NYCM Expo 2007

NYCM Expo 2007

If I am going to a race where there is an Expo (I love race expos – the energy and all) my ‘rule is to do it on Friday for a Sunday race, if at all possible.  I tend to hang around just too much when it comes to racing the next day. If I just can’t get that extra day in, then I do try to show some discipline and not spend too much time at the Expo. I definitely avoid tourism the day before if it involves walking about or me being in charge of making it happen.

For longer races I try to suck back a reasonable amount of electrolyte the day before/morning of the event. However, if it is just water I have no feelings of dread. Some races just seem to ’demand’ a pre-race pasta party, often with friends or family or both. For me, that is less about true carbo-loading and more about tradition. Except for the Reggae Marathon, my ‘pasta party’ will likely be more of a private affair and relatively small (say 2 to 20 participants). For the most part it is social and traditional rather than tactical. I try to load up for a couple of days prior to the actual race with the last big meal actually being lunch the day before the race.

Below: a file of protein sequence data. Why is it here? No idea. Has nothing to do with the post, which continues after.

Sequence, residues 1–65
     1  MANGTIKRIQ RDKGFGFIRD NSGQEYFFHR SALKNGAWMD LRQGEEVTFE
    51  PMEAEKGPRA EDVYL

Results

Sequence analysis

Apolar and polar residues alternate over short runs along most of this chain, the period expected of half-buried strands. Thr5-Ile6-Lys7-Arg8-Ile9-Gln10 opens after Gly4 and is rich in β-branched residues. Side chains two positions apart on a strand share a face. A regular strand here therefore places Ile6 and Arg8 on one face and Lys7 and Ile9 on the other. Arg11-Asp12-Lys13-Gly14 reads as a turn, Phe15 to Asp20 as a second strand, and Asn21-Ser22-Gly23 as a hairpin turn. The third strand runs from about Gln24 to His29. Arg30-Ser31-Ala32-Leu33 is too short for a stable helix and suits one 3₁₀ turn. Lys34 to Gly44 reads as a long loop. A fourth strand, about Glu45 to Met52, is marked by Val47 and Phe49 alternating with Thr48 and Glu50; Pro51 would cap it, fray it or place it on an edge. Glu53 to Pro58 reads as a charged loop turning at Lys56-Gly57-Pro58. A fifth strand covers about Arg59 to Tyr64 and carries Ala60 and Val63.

I always like to be up and ready, way ahead of the start. Sometimes you are given no choice by race logistics, but even when you could walk out the door to the start (often the case in Victoria where there are lots of hotels near the start) I will still be up a couple of hours before race time. Since we are all runners here, there is one primary reason having to do with not needing a major porta-potty stop mid-race. Sometimes the magic works! For a Half, I generally won’t eat much (maybe a banana) but for a marathon or ultra I try to eat a bagel with that banana, maybe with honey or such, or possibly a bowl of oatmeal porridge with sweetener or fruit. This must be a couple of hours pre-race.